For many of us today, Easter is an opportunity to visit family, exchange gifts and fill up on Easter ham and chocolate bunnies. For nearly 2,000 years, Easter has been the central holiday of the Christian faith. But the origins of Easter are still not completely understood, and its history involves both the Christian world and the pagan world.
The Resurrection of Jesus Christ
In the early first century, the Messiah walked the earth and experienced life as man. He praised the poor, healed the sinners, condemned the proud and lived every word of the Law, confirming prophecies that had been written centuries before. In His thirty-fourth year, Jesus Christ was crucified, and three days after His crucifixion, He rose from the dead. After revealing Himself to the apostles of the earth, He joined the Father in heaven. This pivotal event confirmed the Messiah’s promise: A path to salvation will be extended to those who recognize that Jesus is the Son of God.
Celebrations in the Early Christian Communities
Early groups of Christians designated various days in the spring on which to celebrate the Resurrection. The celebration was commonly held on a Sunday during Passover, since that was the day of the Resurrection. However, some Christians did not like the fact that their holiday depended on the Jewish calendar.
Celebrations in the Pagan Communities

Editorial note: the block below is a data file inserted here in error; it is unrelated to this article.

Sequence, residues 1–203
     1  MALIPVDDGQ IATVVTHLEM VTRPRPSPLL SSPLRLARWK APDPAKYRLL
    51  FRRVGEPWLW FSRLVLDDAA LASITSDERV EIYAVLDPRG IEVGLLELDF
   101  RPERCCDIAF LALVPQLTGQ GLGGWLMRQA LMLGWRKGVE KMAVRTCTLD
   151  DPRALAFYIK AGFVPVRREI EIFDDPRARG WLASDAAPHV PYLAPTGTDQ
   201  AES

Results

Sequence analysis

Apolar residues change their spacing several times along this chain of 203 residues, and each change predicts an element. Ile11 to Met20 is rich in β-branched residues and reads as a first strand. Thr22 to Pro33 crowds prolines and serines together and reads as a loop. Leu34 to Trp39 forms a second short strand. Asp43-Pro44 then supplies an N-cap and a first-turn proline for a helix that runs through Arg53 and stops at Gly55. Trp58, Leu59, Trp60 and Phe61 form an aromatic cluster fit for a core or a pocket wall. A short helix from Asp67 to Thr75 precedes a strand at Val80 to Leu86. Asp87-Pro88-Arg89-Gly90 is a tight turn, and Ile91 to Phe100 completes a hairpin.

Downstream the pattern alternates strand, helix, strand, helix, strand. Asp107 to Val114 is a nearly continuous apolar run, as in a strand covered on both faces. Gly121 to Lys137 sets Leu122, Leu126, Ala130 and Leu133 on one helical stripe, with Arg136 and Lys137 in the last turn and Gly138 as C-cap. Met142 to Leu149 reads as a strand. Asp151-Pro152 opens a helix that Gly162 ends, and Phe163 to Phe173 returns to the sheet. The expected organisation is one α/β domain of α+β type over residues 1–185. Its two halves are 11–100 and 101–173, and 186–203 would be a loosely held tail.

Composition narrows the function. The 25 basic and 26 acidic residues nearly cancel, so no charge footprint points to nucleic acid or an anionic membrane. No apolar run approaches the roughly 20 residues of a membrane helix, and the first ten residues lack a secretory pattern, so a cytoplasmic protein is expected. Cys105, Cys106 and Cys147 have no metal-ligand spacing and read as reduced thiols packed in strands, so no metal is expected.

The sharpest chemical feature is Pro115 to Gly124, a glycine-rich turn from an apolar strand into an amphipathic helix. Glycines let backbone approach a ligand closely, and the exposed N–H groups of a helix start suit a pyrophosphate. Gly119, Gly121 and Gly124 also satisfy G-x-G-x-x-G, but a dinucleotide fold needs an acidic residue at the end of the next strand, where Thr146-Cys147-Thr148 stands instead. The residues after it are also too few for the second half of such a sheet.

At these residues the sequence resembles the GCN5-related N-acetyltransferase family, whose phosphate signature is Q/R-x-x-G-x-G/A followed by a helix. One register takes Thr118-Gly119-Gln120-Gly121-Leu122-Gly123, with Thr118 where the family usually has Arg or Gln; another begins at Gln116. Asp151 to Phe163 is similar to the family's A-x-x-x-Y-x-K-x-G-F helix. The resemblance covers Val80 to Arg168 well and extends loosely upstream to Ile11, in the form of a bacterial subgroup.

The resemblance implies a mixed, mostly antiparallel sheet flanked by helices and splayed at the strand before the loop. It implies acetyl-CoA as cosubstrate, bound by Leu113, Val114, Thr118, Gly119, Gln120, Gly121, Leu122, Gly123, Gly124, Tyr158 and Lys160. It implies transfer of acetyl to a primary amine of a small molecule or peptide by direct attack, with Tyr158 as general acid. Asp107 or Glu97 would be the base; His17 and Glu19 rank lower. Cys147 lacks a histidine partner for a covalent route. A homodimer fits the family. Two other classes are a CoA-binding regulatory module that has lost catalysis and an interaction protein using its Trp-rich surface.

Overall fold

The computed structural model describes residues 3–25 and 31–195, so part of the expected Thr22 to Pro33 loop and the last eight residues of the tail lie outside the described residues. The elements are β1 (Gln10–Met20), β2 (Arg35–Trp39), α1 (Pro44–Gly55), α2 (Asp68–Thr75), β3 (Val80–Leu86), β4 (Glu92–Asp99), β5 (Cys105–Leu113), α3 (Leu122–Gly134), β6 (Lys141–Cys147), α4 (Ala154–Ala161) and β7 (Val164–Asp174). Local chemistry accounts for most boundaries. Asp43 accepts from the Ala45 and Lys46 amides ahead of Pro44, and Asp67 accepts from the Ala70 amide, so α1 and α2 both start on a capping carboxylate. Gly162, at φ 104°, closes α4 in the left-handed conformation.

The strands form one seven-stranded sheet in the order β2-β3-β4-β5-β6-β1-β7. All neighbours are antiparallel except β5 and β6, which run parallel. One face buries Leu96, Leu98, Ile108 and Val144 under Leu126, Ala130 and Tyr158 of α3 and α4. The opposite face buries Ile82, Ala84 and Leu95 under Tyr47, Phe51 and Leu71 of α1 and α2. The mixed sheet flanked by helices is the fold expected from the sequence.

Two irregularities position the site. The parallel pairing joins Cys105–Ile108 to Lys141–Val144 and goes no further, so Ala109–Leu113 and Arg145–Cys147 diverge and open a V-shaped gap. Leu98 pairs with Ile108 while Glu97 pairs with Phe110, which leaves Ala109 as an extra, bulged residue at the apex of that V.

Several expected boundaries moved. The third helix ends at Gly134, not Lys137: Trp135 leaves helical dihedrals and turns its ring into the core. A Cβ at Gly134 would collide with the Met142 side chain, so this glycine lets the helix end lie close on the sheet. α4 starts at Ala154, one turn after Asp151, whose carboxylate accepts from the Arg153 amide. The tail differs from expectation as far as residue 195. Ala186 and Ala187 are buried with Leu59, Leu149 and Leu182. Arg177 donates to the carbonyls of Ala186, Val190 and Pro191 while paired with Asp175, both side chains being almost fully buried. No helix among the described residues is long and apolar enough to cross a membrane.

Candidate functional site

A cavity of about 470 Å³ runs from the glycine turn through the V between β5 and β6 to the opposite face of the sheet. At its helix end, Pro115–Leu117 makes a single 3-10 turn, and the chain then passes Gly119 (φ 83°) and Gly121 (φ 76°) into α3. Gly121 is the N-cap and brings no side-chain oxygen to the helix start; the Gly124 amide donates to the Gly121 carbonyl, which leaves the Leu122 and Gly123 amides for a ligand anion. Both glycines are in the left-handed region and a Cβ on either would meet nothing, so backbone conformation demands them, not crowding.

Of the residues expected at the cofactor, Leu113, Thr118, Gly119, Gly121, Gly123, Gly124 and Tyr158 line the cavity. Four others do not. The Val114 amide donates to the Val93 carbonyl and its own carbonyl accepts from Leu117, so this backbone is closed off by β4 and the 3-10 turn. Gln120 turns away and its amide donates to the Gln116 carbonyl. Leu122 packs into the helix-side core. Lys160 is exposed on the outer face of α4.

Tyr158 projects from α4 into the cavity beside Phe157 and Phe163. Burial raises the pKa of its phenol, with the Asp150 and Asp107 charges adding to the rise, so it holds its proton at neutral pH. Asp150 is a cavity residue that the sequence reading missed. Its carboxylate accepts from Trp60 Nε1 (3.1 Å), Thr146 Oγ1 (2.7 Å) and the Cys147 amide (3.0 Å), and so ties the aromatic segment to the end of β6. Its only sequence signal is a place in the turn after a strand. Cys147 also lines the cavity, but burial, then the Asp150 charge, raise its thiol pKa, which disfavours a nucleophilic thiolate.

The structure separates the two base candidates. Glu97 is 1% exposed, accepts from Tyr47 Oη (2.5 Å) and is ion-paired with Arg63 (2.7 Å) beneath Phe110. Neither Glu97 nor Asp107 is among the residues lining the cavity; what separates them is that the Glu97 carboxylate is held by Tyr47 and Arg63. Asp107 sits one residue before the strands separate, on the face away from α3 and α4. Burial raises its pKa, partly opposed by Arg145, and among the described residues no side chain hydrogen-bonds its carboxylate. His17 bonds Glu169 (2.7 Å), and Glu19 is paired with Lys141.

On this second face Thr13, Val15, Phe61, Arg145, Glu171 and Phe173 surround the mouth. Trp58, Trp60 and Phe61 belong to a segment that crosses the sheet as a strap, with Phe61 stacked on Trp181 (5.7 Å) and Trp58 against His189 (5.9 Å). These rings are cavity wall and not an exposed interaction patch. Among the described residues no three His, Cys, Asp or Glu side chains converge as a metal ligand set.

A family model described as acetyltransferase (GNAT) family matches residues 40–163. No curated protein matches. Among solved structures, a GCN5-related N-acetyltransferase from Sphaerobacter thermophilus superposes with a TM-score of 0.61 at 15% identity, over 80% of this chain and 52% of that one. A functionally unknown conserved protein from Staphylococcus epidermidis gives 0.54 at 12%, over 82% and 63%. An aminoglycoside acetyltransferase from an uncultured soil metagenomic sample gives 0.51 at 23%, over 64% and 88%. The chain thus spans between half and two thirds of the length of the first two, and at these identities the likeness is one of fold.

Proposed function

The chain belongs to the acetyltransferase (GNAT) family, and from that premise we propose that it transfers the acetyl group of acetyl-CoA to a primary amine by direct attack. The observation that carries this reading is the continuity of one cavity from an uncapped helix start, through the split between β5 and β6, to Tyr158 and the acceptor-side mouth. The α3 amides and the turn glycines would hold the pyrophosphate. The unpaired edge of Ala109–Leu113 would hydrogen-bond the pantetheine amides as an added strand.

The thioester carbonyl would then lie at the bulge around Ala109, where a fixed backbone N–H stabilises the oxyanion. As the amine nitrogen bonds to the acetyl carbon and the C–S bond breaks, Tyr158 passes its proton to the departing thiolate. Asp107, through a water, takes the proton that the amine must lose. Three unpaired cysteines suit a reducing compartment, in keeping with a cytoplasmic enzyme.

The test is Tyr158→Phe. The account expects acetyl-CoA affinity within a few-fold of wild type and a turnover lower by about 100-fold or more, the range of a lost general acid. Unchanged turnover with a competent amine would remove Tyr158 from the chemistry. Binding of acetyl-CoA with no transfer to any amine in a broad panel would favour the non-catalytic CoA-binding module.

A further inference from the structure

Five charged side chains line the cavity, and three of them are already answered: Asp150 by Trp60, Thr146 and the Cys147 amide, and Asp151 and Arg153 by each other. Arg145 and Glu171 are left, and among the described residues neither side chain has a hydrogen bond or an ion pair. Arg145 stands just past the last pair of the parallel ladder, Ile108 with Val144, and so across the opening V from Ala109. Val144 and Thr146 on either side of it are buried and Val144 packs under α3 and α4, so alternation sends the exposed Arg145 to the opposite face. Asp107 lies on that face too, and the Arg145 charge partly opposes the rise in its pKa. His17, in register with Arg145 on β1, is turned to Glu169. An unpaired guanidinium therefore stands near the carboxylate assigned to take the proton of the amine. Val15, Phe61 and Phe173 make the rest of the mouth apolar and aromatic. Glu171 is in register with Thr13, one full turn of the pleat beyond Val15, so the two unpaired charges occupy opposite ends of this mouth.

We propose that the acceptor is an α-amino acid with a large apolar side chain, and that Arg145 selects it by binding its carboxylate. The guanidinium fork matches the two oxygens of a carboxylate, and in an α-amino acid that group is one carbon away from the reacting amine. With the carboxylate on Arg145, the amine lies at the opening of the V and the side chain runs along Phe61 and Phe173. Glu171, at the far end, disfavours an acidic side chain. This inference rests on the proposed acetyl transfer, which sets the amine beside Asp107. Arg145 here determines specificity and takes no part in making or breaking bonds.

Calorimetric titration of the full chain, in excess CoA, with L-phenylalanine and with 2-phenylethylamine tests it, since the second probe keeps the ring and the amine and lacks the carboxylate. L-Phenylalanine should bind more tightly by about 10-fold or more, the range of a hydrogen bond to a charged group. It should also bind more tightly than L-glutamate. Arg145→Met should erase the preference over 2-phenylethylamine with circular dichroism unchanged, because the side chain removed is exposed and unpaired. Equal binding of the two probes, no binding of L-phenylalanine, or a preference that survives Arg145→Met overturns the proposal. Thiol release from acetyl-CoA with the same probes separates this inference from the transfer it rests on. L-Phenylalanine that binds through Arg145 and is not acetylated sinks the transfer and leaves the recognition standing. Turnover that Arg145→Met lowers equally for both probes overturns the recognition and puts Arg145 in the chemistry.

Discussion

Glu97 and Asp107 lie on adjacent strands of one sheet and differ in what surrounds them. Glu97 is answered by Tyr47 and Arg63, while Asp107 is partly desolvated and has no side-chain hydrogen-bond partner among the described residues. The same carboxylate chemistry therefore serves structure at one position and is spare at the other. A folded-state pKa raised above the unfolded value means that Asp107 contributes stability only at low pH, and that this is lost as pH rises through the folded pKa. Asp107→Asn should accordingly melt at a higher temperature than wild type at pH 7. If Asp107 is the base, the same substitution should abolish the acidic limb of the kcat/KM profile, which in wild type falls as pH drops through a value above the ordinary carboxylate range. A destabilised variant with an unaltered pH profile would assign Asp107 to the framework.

Meanwhile, pagan communities continued to hold feasts throughout the year in honor of pagan gods and goddesses. These celebrations can be traced back several millennia. Sunday feasts were commonly held in honor of the sun god Sol Invictus, and spring feasts were commonly held in honor of the goddess Ēostre.
The Day Decided
In AD 325, the Roman Emperor Constantine convened over three hundred Christian bishops at Nicaea (in modern-day Turkey). Their goal was to gain a consensus on a number of issues facing the Christian world. At this council, it was decided that the holiday celebrating the Resurrection of Jesus Christ would take place on a Sunday in spring unrelated to the Jewish calendar. Since Sunday was already recognized as a day of holy significance by both Christians (in honor of Jesus Christ) and pagans (in honor of Sol Invictus), the holiday was a convenient celebration day for many in the Roman world. The holiday became known as Easter, a name which many scholars attribute to the pagan goddess Ēostre. As Christianity spread and many of the pagan feasts died out, Easter gradually became more celebrated.
The history of Easter is confusingly tied to both Christianity and paganism, and its origins are still debated today. However, the meaning of the day is a bit clearer. Easter is a reminder to us all of the Messiah’s resurrection and of His promise: Those who, by the grace of God, find faith in Jesus Christ will be forgiven of their sins and raised to eternal life.